Madison Town Manager Tim Curtis, seen addressing residents at the June 2019 Town Meeting, said this week that it will cost about $2,500 to hold a special recall election set for March 7. More than 200 people signed a petition in an effort to recall Selectman Glen Mantor, who has taken issue with how a code enforcement officer position was filled in town. Morning Sentinel file

MADISON — A move to hire a full-time code enforcement officer roiled the town for much of last year and is a primary factor behind a push to recall one of the town’s selectmen.

The effort to recall Glen Mantor is the focus of a public hearing scheduled for 6:30 p.m. Monday at the Old Point School on Old Point Avenue.

The organizers behind the recall submitted a petition with more than 200 signatures, enough to place the matter before residents at a special election planned for Tuesday, March 7.

Town Manager Tim Curtis said Thursday that it’ll cost about $2,500 to hold the special election, with most of that expense coming from printing ballots and paying workers to staff it.

There’ll actually be two questions posed to voters on March 7: one to ask if they will remove Mantor from office, and if that recall is successful then the second question asks them to choose among candidates who may seek to replace Mantor.

Mantor took office in 2021 and his term ends in June 2024.


Curtis said the last time an effort was made to remove a selectman from office was in 2000, but his recollection was that it didn’t proceed to the point where it went to a ballot.

Mantor has been critical of Curtis’ work as town manager and was outspoken about Curtis’ move to bring on a full-time code enforcement officer. Mantor has highlighted how the enforcement officer Curtis hired, Jay Watt, is the town manager’s second cousin. Curtis said Watt was an experienced and important part of the town highway department for many years and that his decision to appoint Watt as enforcement officer was not based on any familial connection but rather on Watt being the most qualified for the position.

Despite their differences, Curtis said Mantor’s experience — he served a couple of terms as selectman in the 1990s and was also the town’s road commissioner for 17 years — has been beneficial to the town.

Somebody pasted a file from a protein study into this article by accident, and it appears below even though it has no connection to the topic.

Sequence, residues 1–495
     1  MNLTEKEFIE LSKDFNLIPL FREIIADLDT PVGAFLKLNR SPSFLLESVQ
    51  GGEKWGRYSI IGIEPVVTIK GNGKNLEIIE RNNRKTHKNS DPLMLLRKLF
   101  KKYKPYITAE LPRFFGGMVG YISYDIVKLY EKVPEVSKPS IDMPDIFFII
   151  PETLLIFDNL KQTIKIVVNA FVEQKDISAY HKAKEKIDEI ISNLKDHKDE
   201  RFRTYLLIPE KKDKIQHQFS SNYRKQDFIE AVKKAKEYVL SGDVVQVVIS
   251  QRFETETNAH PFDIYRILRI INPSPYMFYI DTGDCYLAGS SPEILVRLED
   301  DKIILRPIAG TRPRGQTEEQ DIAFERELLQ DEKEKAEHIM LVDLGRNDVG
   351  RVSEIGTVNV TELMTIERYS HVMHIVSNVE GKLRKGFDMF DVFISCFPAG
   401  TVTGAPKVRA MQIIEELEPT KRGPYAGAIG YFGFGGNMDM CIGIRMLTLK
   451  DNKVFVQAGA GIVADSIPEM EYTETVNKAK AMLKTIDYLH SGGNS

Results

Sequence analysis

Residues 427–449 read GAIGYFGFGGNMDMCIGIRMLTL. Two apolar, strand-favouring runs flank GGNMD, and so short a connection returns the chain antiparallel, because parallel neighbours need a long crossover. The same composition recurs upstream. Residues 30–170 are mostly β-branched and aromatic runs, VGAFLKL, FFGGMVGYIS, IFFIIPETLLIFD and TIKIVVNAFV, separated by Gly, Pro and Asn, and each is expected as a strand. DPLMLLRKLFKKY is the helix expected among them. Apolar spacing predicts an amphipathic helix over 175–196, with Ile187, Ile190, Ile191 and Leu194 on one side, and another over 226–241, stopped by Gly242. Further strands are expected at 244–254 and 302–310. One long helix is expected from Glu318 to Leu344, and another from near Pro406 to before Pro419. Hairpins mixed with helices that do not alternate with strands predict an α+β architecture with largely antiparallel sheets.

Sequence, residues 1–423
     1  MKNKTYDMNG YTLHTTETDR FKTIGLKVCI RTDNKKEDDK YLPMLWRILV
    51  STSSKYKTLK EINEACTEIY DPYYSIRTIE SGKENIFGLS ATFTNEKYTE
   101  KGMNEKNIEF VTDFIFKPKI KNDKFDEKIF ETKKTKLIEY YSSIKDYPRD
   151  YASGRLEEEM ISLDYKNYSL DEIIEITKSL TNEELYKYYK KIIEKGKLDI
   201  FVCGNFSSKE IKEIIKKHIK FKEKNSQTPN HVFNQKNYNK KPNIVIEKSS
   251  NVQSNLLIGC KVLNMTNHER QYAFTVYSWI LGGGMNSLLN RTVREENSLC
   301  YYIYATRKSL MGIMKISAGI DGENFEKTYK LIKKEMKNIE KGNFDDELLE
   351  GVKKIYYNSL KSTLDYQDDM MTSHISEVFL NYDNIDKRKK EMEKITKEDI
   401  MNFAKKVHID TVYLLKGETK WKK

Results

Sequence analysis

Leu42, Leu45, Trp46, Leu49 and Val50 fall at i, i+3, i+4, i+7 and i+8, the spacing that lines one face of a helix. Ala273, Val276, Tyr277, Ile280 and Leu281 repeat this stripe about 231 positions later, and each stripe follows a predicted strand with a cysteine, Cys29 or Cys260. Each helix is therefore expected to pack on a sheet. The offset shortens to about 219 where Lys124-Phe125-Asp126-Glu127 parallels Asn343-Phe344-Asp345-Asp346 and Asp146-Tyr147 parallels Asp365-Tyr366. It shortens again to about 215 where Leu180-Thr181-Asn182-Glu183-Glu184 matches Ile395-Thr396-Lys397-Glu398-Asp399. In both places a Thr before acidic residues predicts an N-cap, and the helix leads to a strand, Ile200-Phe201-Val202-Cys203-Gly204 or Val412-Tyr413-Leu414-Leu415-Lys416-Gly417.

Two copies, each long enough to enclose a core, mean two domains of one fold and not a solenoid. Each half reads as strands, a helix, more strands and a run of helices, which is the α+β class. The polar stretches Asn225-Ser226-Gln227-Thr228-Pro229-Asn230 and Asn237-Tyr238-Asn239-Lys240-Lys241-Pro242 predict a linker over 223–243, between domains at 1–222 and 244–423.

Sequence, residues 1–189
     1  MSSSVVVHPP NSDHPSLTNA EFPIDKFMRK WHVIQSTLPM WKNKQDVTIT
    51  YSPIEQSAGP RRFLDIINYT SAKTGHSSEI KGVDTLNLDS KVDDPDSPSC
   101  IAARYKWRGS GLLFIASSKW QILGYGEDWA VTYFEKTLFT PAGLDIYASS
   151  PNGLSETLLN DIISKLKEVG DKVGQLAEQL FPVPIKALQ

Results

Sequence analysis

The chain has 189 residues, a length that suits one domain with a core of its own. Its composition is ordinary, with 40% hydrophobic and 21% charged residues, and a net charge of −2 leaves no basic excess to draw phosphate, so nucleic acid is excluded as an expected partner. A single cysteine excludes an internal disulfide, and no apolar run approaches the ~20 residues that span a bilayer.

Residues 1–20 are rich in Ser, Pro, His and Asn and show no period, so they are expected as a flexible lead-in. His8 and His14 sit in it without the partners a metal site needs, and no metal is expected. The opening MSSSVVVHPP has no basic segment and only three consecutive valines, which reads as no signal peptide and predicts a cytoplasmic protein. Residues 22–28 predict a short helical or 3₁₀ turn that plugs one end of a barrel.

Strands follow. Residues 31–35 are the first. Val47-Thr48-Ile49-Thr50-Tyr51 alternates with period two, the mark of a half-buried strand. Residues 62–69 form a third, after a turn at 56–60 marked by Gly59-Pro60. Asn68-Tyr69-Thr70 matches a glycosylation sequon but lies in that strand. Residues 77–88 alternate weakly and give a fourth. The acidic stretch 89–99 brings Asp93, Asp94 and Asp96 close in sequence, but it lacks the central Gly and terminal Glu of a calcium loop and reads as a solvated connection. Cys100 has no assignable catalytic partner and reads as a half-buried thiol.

“I’ve always been pleased with his input and his decision-making process,” Curtis said.

Mantor acknowledged Friday that there were some bruised feelings when Watt left the highway department to become enforcement officer. But he said his opposition to a full-time officer was twofold: the cost of the town paying $24 an hour with benefits, and what Mantor said is no need for a full-time post.

The enforcement officer currently works on a per diem, on-call basis.


“I’ve always watched the money more than other people, I guess,” Mantor said.

Curtis said he wants to have an enforcement officer who would also double as a maintenance worker responsible for the upkeep of the five town buildings. The code enforcement work coupled with the maintenance needs would amount to a full-time position, he said.

Another consideration is that the town has had four enforcement officers in the last five years, with three resigning to take full-time work elsewhere, Curtis said. Having an enforcement officer working in a full-time capacity would likely help retain that employee longer, he said.

One of the organizers of the recall effort, Amber Meunier, said Thursday that Mantor is among three selectmen who are “putting personal feelings ahead of what’s best for the town.”

She said Mantor voted to carry money forward to fund other municipal positions, but not the code enforcement post. And she said not having a full-time enforcement officer can slow the approval process for inspections and other work that’s needed.

Meunier acknowledged that she and Watt are a couple, but she said her efforts are driven by the town’s interests, not her own.

“Yes I have a very personal feeling about this, but it’s really about what is right and what is wrong,” she said.

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